By modifying friction to the desired level, the application of friction modifiers (FMs) has been considered as a promising emerging tool in the railway engineering for increasing braking/traction force in poor adhesion conditions and mitigating wheel/rail interface deterioration, energy consumption, vibration and noise. Understanding the effectiveness of FMs in wheel–rail dynamic interactions is crucial to their proper applications in practice, which has, however, not been well explained. This study experimentally investigates the effects of two types of top-of-rail FM, i.e. FM-A and FM-B, and their application dosages on wheel–rail dynamic interactions with a range of angles of attack (AoAs) using an innovative well-controlled V-track test rig. The tested FMs have been used to provide intermediate friction for wear and noise reduction. The effectiveness of the FMs is assessed in terms of the wheel–rail adhesion characteristics and friction rolling induced axle box acceleration (ABA). This study provides the following new insights into the study of FM: the applications of the tested FMs can both reduce the wheel–rail adhesion level and change the negative friction characteristic to positive; stick–slip can be generated in the V-Track and eliminated by FM-A but intensified by FM-B, depending on the dosage of the FMs applied; the negative friction characteristic is not a must for stick–slip; the increase in ABA with AoA is insignificant until stick–slip occurs and the ABA can thus be influenced by the applications of FM.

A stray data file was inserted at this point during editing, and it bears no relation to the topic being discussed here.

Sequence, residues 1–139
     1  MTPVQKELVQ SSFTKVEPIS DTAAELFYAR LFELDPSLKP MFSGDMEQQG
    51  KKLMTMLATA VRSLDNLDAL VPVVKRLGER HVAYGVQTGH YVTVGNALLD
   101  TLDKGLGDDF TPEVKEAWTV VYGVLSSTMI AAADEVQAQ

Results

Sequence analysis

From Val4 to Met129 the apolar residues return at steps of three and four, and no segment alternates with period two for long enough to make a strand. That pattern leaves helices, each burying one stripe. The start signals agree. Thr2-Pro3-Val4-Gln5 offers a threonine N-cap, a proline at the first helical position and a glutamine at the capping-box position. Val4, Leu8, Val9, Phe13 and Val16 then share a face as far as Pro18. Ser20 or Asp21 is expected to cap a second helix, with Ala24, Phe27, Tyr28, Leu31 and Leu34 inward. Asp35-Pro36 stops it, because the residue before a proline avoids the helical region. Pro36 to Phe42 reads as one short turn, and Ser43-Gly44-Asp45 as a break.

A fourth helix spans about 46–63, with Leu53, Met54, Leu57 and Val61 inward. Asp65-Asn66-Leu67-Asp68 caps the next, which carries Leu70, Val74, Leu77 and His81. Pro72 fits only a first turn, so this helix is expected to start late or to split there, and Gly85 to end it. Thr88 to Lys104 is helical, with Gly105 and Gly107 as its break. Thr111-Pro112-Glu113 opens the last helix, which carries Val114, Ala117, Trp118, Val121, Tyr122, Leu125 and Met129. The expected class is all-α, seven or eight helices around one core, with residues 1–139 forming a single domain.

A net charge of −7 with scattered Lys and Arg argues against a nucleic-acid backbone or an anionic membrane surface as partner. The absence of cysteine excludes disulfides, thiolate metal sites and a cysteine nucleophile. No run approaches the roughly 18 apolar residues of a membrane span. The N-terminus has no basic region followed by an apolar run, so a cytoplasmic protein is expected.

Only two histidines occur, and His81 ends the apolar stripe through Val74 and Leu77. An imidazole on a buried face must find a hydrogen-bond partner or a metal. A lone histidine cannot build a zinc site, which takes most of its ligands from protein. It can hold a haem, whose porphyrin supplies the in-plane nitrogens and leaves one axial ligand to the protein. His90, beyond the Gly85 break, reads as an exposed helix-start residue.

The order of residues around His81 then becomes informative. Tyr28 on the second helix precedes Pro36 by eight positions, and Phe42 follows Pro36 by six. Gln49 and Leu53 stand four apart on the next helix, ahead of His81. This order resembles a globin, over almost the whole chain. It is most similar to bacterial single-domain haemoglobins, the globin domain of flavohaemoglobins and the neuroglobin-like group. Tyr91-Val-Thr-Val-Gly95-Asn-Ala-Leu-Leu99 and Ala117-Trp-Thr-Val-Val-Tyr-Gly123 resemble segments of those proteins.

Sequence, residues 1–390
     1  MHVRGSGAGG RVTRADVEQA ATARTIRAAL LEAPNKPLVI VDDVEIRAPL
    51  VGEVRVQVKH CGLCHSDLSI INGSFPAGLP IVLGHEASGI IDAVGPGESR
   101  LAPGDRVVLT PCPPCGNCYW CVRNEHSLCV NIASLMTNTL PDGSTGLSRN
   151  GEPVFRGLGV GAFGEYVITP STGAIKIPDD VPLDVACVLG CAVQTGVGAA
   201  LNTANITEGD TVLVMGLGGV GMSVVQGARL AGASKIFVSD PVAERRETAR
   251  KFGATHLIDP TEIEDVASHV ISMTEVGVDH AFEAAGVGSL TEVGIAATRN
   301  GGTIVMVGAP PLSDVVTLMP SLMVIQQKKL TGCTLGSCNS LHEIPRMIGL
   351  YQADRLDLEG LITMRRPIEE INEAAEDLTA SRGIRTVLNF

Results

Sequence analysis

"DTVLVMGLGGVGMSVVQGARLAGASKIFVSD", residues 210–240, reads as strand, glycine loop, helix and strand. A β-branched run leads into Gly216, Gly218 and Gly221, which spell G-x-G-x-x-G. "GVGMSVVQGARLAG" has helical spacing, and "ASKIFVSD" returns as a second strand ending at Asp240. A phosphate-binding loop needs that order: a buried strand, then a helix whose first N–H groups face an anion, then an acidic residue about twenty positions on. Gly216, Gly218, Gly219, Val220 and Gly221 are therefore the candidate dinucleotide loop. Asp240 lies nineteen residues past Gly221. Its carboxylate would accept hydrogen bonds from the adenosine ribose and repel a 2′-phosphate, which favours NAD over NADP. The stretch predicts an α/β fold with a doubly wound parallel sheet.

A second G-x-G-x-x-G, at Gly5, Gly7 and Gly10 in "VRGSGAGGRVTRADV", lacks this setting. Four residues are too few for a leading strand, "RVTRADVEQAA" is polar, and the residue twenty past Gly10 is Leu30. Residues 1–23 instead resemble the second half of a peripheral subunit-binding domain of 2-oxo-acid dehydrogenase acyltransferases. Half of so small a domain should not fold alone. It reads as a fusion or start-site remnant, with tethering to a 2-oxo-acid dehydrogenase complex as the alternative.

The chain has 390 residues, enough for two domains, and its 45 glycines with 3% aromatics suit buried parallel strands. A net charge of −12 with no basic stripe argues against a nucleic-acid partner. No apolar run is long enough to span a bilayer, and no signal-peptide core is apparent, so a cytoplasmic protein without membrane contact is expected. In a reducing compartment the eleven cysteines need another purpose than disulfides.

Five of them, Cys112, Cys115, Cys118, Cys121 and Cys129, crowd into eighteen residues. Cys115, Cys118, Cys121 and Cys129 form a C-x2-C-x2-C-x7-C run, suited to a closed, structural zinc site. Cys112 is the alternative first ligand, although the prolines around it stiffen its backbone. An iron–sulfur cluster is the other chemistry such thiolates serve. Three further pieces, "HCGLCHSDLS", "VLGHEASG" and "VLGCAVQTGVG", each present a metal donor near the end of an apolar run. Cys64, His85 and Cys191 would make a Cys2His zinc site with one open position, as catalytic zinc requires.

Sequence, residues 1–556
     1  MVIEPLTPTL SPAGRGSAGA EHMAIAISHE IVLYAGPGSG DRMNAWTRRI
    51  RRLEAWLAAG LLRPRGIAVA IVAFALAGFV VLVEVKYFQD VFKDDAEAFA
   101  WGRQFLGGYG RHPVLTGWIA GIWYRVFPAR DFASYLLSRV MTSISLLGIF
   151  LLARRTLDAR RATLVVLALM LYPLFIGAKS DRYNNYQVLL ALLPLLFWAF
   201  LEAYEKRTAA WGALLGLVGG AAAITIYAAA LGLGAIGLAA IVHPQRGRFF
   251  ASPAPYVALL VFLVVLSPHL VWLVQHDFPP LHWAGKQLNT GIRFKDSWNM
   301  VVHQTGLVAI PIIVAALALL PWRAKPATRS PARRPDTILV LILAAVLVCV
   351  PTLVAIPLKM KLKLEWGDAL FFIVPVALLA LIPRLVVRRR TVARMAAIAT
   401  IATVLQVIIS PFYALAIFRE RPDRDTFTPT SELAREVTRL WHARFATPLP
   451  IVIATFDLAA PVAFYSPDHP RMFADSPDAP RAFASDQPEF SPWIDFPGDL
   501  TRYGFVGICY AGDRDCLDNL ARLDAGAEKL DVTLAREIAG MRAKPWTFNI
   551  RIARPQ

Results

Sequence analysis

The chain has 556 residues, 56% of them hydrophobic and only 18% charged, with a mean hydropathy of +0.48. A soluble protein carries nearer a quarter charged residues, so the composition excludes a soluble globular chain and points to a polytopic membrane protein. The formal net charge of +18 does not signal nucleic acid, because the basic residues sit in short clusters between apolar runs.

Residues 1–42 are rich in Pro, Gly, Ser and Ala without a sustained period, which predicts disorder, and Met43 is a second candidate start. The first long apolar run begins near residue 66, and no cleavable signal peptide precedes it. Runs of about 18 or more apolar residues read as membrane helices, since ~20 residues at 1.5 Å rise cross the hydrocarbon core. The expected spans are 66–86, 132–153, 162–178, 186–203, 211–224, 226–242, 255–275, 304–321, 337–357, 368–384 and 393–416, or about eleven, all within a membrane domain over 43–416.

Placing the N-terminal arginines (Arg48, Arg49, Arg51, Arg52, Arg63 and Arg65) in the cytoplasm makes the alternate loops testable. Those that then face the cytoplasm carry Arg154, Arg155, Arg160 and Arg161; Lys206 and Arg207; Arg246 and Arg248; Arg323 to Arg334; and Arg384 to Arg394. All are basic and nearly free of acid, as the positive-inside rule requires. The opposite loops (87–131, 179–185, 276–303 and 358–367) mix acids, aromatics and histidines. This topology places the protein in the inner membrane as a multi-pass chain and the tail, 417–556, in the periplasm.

- Angle of attack
- Axle box acceleration
- Friction modifier
- V-track test rig
- Wheel–rail dynamic interaction